Colt Gaels and Shanahoe Gaels were two of the Gaels teams to compete in 2017.
The proliferation of combined, or Gaels, teams was one issue urged to be reconsidered as part of the Laois GAA Strategy and Action Plan.
Nickey Brennan, who chaired the committee which compiled this report, offered his view as an outsider. “Coming as I do from outside Laois, I was surprised at the number of combined teams involved in various Laois competitions in 2017.
“I fully understand the reason for combined teams, but the process by which such teams are formed is woefully inadequate and must be addressed as a matter of urgency.”
Remarkably, the committee counted a total of 87 combined teams to have played in Laois during 2017, between football and hurling, at all grades, from juvenile up to senior. The breakdown was 48 in football, and 39 in hurling.
The issue of combined teams was a recurring theme for the Review Committee as they carried out their work, and they noted. “Many stand-alone clubs, on the other hand, felt that approval to field a combined team is often granted far too easily, with the winning of a county title often the primary motivation behind a combined team request.”
Many of the combined teams paid little attention to geographic factors, and the recommendation from the committee was for all future Gaels teams to be structured geographically as much as possible.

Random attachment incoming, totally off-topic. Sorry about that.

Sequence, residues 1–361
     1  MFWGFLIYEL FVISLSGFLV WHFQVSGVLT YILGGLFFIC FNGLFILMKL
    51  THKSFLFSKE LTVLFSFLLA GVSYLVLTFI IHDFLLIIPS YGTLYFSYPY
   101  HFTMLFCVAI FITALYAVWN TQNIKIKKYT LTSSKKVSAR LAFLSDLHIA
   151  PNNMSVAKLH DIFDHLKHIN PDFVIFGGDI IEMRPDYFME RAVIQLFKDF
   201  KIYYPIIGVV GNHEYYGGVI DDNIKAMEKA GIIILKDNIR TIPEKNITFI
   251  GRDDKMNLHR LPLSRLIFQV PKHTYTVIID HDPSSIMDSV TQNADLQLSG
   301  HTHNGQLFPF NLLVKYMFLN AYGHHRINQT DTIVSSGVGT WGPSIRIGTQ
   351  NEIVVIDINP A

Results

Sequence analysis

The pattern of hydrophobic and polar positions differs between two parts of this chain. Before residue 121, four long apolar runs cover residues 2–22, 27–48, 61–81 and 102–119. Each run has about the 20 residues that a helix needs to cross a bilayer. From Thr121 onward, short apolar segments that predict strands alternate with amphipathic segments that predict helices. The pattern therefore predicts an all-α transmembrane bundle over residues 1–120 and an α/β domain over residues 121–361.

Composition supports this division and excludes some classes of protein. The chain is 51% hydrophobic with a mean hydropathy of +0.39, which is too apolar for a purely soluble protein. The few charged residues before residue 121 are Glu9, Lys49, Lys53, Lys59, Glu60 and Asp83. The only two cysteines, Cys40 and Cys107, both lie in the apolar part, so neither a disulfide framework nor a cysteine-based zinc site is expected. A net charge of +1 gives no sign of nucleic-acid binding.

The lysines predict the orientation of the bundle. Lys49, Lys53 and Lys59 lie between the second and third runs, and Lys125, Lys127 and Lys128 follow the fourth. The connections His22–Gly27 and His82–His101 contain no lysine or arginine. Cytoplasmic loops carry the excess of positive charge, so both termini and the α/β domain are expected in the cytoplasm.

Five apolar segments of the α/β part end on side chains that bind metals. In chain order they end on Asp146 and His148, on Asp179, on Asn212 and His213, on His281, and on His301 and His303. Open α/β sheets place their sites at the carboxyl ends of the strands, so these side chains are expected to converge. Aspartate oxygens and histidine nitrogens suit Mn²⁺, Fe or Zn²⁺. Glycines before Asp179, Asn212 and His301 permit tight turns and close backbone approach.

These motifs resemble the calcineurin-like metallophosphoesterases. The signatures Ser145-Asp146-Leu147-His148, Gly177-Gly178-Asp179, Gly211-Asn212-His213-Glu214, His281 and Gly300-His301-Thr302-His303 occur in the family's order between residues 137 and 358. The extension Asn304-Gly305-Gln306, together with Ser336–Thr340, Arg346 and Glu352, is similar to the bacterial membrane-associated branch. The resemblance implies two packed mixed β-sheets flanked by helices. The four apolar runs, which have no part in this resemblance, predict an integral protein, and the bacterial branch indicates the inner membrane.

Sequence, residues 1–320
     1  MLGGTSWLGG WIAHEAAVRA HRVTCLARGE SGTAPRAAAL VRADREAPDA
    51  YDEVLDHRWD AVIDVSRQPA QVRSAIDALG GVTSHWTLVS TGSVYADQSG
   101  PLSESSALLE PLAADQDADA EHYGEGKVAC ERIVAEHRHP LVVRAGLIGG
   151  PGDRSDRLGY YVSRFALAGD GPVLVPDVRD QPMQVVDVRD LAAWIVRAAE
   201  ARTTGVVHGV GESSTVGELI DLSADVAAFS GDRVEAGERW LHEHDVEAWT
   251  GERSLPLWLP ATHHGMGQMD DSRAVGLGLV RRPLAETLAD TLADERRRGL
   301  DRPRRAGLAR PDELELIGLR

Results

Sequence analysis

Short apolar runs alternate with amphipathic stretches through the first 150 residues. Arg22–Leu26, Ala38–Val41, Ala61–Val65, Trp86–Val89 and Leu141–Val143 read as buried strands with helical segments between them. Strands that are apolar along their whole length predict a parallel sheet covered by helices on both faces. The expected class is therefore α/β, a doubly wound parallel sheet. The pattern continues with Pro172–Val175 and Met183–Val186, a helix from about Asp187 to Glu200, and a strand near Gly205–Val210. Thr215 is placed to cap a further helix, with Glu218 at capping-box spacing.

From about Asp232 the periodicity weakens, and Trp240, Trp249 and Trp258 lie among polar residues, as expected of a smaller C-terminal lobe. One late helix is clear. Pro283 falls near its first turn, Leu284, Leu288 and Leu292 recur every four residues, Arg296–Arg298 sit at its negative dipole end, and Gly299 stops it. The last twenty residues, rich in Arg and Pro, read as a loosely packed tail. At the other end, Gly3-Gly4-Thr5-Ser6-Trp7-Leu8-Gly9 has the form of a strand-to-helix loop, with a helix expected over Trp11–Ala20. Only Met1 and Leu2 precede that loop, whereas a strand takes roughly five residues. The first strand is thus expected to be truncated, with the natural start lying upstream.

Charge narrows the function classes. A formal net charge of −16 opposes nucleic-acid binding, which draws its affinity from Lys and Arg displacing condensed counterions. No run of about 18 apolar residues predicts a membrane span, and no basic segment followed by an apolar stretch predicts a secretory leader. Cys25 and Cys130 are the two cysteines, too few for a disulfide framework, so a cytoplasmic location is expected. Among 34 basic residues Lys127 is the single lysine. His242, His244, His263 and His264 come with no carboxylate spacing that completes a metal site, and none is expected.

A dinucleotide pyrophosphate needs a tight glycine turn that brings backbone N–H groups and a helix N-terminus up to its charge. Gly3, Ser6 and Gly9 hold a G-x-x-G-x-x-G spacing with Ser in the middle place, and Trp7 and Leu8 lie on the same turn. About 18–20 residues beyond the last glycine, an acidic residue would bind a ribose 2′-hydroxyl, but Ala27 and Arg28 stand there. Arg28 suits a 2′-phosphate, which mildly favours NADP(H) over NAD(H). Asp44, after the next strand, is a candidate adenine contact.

This section of the report also dealt with Competition structures and scheduling, with the senior football championship coming in for criticism, while the senior hurling received positive feedback.
Issues were also raised at Go Games level, both in the distance teams have to travel for games, and also with some clubs only bringing the minimum number of players to games, thus leaving the opposition with too many of their players on the sidelines.
Discipline also came up for discussion, with the report noting. “The opinion was regularly expressed among club members that there are major inconsistencies in how the GAA Rule Book is applied when dealing with disciplinary matters.” Laois GAA were urged to be much stricter in their application of the Rule Book.
Also dealt with here were intercounty teams, with a number of intercounty players spoken to expressing their disappointment at the negative perception from Laois supporters of their performances.
The players also felt that intercounty squad fringe players should be released to play with their clubs for league games throughout the season.
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